An American engineer of eminence, Mr. Spalding, has sub- mitted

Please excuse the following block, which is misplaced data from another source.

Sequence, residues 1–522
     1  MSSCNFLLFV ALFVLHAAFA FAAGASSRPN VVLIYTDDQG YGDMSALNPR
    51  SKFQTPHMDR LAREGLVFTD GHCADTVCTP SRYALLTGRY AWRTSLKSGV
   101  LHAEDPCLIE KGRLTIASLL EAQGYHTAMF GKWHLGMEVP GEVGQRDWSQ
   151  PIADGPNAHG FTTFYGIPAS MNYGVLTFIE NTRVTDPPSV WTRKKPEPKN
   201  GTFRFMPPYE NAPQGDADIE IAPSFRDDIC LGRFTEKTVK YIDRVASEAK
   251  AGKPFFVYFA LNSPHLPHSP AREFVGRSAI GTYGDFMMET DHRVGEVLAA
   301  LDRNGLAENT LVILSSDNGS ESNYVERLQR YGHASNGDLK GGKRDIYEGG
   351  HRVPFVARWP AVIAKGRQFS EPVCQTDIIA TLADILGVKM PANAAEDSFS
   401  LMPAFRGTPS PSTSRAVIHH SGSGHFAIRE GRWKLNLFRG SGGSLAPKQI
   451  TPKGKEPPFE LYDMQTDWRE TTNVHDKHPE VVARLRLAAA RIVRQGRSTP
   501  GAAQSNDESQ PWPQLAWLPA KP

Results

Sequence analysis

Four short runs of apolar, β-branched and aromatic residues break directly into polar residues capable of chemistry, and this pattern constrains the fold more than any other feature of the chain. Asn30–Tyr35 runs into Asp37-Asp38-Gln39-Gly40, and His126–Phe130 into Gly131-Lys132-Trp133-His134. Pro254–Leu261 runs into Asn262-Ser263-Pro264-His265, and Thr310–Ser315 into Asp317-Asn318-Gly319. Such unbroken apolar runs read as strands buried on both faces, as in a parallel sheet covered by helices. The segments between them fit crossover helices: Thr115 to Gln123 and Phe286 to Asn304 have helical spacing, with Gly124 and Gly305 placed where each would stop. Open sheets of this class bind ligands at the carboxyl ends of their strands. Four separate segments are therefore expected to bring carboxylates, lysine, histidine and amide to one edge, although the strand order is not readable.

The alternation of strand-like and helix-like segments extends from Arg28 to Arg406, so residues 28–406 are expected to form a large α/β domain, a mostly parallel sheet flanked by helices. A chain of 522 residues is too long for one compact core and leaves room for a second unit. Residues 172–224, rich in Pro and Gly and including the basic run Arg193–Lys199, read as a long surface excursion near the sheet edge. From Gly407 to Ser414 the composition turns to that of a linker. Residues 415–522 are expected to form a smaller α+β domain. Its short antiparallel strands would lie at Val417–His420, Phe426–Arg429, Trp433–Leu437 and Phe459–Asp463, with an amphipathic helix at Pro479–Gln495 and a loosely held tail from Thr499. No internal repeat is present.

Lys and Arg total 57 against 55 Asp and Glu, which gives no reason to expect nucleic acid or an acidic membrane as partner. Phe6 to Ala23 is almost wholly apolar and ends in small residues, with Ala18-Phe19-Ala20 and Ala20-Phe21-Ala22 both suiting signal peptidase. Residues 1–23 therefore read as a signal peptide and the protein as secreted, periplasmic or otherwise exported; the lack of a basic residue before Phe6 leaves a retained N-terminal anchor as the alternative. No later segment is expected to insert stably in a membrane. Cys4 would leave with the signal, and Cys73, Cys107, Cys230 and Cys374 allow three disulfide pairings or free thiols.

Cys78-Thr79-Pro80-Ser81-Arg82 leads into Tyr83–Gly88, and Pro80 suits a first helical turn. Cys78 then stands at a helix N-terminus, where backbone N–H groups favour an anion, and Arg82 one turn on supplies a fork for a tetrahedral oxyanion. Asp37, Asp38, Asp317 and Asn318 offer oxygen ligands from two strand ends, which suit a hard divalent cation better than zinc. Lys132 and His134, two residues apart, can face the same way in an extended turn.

to the Geographical Commission of Russia a remarkable report upon the Caspian and Black Seas. Mr. Spalding maintains that the Caspian is drying up, and will slowly become a desert, while the diminution of rainfall will destroy the surrounding territories. This, he says, has already occurred in historic times, whole countries having been desolated by the shrinkage of the Caspian. He recommends that a deep and broad cutting should be made from the Caspian westward, to a point where it would be five metres below the level of the Blsek sea, and a smaller cutting from that point to the Black Sea. The water of the latter, which is fifteen metres higher than that of the Caspian, would then cut a deep and broad channel for itself, and refill the Caspian to its old level, giving, in fifty years, straight ocean communication between the Mediterranean and Persia. The distance between the Black Sea and the Caspian is 160 miles. The period required for refilling might be reduc- - one-half by a cut connecting the Don and the Volga, so that the waters of both rivers, instead of those of the Volga only, might fall into the Caspian. Mr. Spalding calculates that the two cuttings might be finished in six years, but says nothing of the expense, which might, however, be reduced by the employ- ment of convicts and the penal regiments in the Army.